You can also swap between the stored profiles on your mouse, of which you can have up to five. There are even a few from various high profile games on the SteelSeries site that you can download and try. I'll even let you have mine if you ask nicely, can't see why you would though. Macros can also be recorded and assigned to all but the CPI toggle button, the interface for this seems fairly straight forward but I can't really comment as it's a feature I never, ever use.
Once you've got the Xai configured to your personal taste, which can take quite some time, its performance is impressive. It never skips a beat or misses a button press and doesn't register movement when the mouse is off the surface. If like me you are constantly lifting the mouse and repositioning it slightly this is a huge help. It's great to be able to forget about your mouse and any deficiencies it might have and just play.
Comfort is about the only other thing that really matters with a mouse, and the SteelSeries designers haven't forgotten about that either, the Xai has a fine rubber coating just like preview SteelSeries mice, and it's works very well; even when slightly damp it won't slip around in your hand. Of course you might think that the ambidextrous design would make it less comfortable but it doesn't at all. After a few days of acclimatisation it feels entirely natural, something which I'm not sure these massively sculpted and so called ergonomic mice ever do, though perhaps that's just personal taste.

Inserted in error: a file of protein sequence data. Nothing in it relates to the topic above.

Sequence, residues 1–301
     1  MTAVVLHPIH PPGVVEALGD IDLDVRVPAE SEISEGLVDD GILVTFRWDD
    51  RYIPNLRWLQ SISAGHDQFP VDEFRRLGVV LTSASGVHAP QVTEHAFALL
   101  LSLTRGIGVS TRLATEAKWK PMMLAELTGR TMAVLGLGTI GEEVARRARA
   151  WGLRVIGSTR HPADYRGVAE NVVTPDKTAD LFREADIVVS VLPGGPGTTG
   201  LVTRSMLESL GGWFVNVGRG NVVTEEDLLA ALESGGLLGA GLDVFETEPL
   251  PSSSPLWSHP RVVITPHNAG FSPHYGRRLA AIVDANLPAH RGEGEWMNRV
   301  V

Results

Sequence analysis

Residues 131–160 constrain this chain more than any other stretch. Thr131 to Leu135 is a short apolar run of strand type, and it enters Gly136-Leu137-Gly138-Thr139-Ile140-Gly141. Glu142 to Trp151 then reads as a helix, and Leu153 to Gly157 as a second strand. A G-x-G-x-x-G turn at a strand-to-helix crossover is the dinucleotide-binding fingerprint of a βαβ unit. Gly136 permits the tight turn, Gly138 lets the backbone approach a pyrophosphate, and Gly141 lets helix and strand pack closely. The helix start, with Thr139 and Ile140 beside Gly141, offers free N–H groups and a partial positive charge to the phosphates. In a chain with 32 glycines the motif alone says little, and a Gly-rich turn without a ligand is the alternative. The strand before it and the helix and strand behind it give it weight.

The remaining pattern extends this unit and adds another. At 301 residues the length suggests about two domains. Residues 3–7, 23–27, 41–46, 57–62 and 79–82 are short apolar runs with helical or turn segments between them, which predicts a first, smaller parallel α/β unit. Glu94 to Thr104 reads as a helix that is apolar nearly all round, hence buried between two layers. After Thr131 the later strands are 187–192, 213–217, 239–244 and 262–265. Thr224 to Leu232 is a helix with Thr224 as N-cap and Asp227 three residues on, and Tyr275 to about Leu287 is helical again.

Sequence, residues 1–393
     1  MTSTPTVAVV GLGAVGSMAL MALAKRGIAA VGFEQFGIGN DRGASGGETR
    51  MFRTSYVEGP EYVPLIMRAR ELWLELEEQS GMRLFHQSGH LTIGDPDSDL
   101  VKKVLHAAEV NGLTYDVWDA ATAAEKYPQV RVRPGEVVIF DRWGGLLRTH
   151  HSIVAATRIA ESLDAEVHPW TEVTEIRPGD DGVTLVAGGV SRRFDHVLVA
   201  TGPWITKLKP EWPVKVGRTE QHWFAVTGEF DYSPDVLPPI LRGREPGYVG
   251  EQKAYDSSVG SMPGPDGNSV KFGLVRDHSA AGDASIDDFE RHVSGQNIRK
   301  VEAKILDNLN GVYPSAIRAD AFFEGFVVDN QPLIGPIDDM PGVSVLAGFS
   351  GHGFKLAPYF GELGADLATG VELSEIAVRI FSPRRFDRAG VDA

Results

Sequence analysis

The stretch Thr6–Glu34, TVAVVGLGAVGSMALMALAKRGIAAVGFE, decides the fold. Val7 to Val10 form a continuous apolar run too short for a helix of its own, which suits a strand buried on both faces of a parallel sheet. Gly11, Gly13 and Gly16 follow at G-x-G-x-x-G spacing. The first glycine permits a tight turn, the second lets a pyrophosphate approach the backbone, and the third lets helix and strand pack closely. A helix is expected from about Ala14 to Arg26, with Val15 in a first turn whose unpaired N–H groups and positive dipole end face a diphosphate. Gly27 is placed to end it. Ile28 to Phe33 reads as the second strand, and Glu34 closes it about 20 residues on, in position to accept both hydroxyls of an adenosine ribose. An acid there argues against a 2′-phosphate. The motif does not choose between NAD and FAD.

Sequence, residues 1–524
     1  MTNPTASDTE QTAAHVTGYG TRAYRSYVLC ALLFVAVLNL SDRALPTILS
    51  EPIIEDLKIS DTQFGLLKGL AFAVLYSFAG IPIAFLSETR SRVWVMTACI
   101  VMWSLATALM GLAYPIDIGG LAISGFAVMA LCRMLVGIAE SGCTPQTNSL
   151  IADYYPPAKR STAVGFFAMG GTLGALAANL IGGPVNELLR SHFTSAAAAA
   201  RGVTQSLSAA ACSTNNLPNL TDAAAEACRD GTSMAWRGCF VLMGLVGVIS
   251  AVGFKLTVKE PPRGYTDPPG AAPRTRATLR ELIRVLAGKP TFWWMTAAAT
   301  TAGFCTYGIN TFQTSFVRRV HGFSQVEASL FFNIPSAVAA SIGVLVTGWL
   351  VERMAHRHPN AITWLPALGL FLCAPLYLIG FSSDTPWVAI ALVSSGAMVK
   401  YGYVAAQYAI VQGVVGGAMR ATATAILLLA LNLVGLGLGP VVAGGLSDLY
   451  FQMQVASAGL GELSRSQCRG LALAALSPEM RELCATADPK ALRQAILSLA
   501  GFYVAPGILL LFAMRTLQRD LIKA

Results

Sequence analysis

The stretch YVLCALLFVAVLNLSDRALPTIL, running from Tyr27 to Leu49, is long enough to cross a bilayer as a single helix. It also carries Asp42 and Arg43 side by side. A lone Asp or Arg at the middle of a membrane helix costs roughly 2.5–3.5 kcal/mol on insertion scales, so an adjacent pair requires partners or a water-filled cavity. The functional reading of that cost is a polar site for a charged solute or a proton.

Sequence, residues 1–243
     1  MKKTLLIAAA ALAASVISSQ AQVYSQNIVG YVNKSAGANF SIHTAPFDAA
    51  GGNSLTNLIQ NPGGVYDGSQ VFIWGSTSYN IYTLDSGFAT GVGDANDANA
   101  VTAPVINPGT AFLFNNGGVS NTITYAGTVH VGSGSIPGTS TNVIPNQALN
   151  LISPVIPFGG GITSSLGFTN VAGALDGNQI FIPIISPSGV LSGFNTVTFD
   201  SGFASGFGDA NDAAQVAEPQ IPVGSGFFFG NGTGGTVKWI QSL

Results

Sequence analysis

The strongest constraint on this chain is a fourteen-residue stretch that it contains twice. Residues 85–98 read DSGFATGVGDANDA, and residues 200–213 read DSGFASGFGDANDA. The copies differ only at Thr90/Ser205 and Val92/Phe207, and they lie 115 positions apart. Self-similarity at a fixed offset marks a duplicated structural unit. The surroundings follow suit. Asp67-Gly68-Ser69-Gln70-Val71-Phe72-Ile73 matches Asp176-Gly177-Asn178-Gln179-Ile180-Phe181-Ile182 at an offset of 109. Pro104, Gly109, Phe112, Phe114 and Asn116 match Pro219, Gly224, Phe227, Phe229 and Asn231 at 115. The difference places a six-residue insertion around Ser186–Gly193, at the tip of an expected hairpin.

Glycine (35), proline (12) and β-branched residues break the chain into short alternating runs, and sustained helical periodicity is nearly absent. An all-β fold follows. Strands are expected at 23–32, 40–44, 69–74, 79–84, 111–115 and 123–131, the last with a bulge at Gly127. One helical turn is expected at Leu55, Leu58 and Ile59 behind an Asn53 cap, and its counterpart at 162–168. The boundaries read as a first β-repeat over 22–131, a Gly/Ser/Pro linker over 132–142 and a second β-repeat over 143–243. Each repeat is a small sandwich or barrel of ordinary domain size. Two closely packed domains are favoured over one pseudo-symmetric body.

One minor gripe for me is that I can't seem to make the small LCD menu system work at all, you are allegedly supposed to be able to see which profile is active and other such things using the LCD but I can't make mine show anything other than a Steel Series logo. I can't find any instructions either.
Performance is just not an issue with this mouse, should this review only take into account how the mouse performs then a perfect ten was a distinct possibility. That however is not the case and price is a big factor in our review scores, and at around £60/$90 this is the Xai's Achilles heel for all but the most hardcore of gamers; who are of course the target audience for this mouse anyway. If you want the best and are willing to pay for it, then the Xai should definitely be on the shortlist for your next mouse, perhaps even at the top if it.
Mere mortals should perhaps look elsewhere and save some money; SteelSeries themselves have a number of other offerings that may better suit your needs.
- Very comfortable to hold
- Stunning performance
- Good build quality
- No useless, superfluous features
Not so good stuff
- Expensive for the average gamer
- Can be quite tricky to tweak to your taste
Singapore homework help services
Maplestory Damien - Overview
Runescape Glacors Ideas
The Finest Case Study Assignment Help Tips for Students